OK - here goes! My take on the legal issues around #BIM and #winfieldrock...
#BIM has huge potential for improving collaboration, particularly early stage, in #construction and thereby reducing #disputes and #performancegap
Problem is the limited take-up particularly among private sector – reasons include lack of knowledge (of how to use and of benefits), lack of standardisation (in what BIM means and in proprietary programmes used, although moving towards #Revit – barrier for SMES)
See 2017 NBS National BIM Report thenbs.com/knowledge/nbs-… and compare with 2016 report thenbs.com/knowledge/nati…
Limited take-up on private sector projects means legal issues are still being explored – some common themes but some will be unique to individual projects / types of projects.
#Construction contracts set “the rules of the game” – but you need to (a) cover relevant scenarios and (b) makes sure the parties know the rules. Unclear contracts lead to disputes because what happens falls through the gaps of the drafting
I would far rather advise clients and assist with drafting/negotiating a contract to ensure issues are dealt with as far as possible than have clients ask me to help with #BIM disputes due to contract issues.
When reviewing a contract I always ask for technical schedules or flag need for their review (if not yet available) as they can contain relevant obligations which need to be considered in context of whole contract document – NB MT. Hojgaard v E.On https:// tinyurl.com/y7sog5rc
8.Parties are familiar with common types of amendments to standard form contracts, but many not yet familiar with amendments to deal with #BIM
#winfieldrock report is hugely important because it brings together and assesses current state of knowledge and practice for #BIM legal and contractual issues
My run-down of #BIM legal/logistical issues which need to be considered in drafting of any #construction contract on a BIM project:
1. What does #BIM mean on that project? No standard definition of what BIM or “BIM Level 2” means – so it needs to be made clear in terms of parties rights, obligations, deliverables
2. How is the project going to use the #PAS1192 standards? Guidance or requirements? Which bits? Again need to decide and state on project-by-project basis
3. Drafting of the #EIR is crucial – if the client isn’t clear on how it sees BIM working and what it wants from it, how can the project team comply and deliver? No standard form EIR yet – but any standard form would still need to be reviewed on each project
4. #JCT and #NEC have BIM-specific provisions – but as with any other clause, need to be reviewed to ensure suitability for specific project. #JCT2016 and #NEC4 provisions BIM are more extensive but still have flexible approach.
5.a. BIM Protocol – does it take priority, or underlying contract? JCT allows for Protocol but says underlying contract takes priority – but CIC Protocol says it takes priority – obvious contradiction.
5.b. NB NEC doesn’t allow for Protocol – relevant provisions need to be brought into Z clauses – views differ on which approach is best
5.c. Also we’re waiting for the new CIC BIM Protocol (current one 2013) – will it have different options to accommodate different #procurement routes?
6. #BEP is incomplete/changing doc at time of execution of contracts – can/should it be a contract document? My current view is no, to avoid "agreement to agree" and later confusion, but opinions differ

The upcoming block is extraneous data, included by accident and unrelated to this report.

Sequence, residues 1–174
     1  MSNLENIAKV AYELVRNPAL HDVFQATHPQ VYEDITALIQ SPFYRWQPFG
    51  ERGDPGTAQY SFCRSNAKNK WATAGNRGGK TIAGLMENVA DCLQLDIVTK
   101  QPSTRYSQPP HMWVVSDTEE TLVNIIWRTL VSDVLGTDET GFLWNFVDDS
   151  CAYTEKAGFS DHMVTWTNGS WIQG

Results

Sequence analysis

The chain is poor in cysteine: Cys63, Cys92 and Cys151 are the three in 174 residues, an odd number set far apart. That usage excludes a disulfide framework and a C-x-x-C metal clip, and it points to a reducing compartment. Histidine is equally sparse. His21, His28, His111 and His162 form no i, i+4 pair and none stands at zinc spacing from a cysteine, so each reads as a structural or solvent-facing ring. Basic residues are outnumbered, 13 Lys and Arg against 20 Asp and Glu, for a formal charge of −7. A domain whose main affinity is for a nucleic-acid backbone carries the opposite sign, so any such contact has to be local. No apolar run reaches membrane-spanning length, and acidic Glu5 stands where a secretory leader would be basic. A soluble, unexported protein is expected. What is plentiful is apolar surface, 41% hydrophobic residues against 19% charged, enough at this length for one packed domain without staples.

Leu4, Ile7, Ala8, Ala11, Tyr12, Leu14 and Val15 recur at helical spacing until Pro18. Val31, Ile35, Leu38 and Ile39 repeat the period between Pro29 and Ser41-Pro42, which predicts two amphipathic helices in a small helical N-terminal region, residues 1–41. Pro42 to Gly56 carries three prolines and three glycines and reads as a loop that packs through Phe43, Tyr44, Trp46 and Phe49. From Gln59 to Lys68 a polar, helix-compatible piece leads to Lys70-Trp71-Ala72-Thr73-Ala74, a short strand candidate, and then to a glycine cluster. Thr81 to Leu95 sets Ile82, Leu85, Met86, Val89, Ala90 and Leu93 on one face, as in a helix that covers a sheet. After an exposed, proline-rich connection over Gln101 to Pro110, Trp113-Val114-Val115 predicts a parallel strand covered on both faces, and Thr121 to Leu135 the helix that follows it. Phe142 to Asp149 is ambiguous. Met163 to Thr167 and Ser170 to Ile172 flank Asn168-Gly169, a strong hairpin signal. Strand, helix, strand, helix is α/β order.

7. Do the #Protocol #EIR and #BEP (if in contract) use same definitions as main contract document? Inconsistency sows seeds of disputes
8. Blockchain / smart contracts – I’ll hold my hands up and say I read that section in #winfieldrock & thought I need to research this further, but would agree with the report that this is a long way from being standard and carries inherent risks as with any new technology
And now #BIM #risks that need to be addressed/allocated by the contract (to avoid later disputes):
1. What are parties actually required to do? Roles/responsibilities, software, intended model outputs, etc – client’s requirements will drive this definition
2. Contractors need to consider having a Protocol in their sub-contracts – or risk not passing on obligations so all risk sits with them. Sub-contractors may resist so pass-down needs to be tailored and specific
3. Intellectual property – does market standard position of designer retaining #ipr ownership & responsibility but granting licence need to change for BIM? Or just that terms of licence need to be broadened to accommodate access to/manipulation of underlying native model files?
3.b. Once third parties are accessing design – who is responsible for changes to that design? Designer, model owner, or person making the change? JCT, NEC, CIC all deal with IPR differently
4. BIM-specific #warranties and #indemnities can be used to transfer risk e.g. designer warranting compliance with applicable #BIM protocols and indemnifying for failure to do so – but then consider limitation of liability clauses
5. Insurance – Does parties’ PI insurance cover BIM related claims? I’m not aware of any market-standard #BIM exclusions, but clients may wish to make coverage an explicit requirement
6. Any other risks identified through asking questions at Appendix 4 of #winfieldrock report!
Conclusion – education is needed across #construction industry, clients to lead #culturechange, #SMEs to encourage and enable investment and takeup, #lawyers to be able to assist their clients (wherever they are in project supply chain) – assisting including ...
... asking Qs, opening up issues to be considered - #construction #lawyers must be proactive not reactive – join @BIM4Legal, educate selves on tech issues, ensure drafting achieves what clients actually want (we can't tell them what they want!), provides protection where needed

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